4

I am trying to describe the structure shown in the image below. My first example is as follows:

The green bar is connected to a portion of the blue bar near the right end of the blue bar.

I think this is redundant a little. My second example is as follows:

The green bar is connected near the right end of the blue bar.

I am not sure whether this clearly describes that the green bar is connected to the blue bar. I would like to know how to describe the structure clearly and simply. enter image description here

2

The first one is right but a little wordy and the "a portion of" does not belong. The second answer sounds like it is connected to something else, possibly not the blue bar.

The first alternative that comes to mind:

The green bar touches the blue bar near its right edge.

I prefer "touches" instead of "is connected to," although they are both valid. The latter kind of connotes that there may be something connecting the two, like glue or a latch. The former implies that if you pull on the green bar, the two will come apart and tends to get used with graphics like this.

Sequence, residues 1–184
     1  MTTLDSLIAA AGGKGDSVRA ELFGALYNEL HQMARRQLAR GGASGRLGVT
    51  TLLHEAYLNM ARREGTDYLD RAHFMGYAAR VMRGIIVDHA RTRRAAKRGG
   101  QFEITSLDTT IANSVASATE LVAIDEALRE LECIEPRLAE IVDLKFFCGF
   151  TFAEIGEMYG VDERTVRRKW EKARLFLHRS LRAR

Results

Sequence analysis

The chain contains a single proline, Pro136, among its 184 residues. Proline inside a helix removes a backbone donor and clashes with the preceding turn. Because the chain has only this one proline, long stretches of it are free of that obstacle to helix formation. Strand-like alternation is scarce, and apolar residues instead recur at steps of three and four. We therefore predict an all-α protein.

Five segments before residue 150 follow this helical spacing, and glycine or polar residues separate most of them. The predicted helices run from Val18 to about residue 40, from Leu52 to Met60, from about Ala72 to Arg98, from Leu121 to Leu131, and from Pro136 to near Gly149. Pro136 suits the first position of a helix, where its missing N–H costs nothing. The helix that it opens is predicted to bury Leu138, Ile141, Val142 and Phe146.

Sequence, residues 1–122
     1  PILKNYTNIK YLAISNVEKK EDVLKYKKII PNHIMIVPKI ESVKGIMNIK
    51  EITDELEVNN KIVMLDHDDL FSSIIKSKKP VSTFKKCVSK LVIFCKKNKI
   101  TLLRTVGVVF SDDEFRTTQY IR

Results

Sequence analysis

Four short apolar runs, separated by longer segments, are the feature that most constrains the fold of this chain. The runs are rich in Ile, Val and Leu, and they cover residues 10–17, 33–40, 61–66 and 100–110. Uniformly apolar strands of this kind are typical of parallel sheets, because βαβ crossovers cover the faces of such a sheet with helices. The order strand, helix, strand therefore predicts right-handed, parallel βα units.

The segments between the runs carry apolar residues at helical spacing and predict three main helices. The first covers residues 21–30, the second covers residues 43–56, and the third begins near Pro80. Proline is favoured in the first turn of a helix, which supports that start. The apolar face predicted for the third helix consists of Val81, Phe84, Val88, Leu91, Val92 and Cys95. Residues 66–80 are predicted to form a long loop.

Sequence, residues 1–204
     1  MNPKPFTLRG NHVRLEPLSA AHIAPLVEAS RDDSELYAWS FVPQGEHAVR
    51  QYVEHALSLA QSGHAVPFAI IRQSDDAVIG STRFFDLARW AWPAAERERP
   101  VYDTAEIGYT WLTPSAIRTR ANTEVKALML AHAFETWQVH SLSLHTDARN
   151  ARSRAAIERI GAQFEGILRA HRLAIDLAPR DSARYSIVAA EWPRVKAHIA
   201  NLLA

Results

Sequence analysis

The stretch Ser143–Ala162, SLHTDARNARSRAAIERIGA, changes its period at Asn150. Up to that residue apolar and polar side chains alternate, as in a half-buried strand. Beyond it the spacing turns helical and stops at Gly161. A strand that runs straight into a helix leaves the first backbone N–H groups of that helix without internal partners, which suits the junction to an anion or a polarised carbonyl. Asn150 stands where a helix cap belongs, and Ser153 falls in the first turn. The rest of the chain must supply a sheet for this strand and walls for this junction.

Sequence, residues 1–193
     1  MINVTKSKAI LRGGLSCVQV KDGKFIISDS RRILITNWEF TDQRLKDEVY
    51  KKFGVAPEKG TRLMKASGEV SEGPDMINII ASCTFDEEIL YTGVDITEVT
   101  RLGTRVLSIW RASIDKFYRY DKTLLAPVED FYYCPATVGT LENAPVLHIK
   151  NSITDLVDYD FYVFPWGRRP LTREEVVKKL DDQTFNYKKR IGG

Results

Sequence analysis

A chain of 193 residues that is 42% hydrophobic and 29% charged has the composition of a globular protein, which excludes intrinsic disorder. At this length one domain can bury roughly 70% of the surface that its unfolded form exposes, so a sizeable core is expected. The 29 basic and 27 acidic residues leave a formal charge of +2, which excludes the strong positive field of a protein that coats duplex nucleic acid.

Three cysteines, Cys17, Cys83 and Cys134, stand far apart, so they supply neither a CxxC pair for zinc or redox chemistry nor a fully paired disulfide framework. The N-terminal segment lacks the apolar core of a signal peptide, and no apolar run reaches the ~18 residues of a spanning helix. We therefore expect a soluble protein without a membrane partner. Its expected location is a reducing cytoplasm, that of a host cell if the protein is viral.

Here "its" should refer to the most recently mentioned noun, which is the blue bar. Some people may still get confused about what "its" refers to even though the grammar is unambiguous. If this is a technical manual or other location where clarity is more important than brevity, you might consider something like

The upper edge of the green bar touches the bottom edge of the blue bar near the latter's right edge.

Your Answer

By clicking “Post Your Answer”, you agree to our terms of service, privacy policy and cookie policy

Not the answer you're looking for? Browse other questions tagged or ask your own question.